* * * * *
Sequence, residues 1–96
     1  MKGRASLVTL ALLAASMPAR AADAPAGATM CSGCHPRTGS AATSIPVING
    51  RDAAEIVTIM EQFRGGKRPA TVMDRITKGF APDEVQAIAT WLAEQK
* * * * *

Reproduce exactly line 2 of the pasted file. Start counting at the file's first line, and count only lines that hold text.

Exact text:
     1  MKGRASLVTL ALLAASMPAR AADAPAGATM CSGCHPRTGS AATSIPVING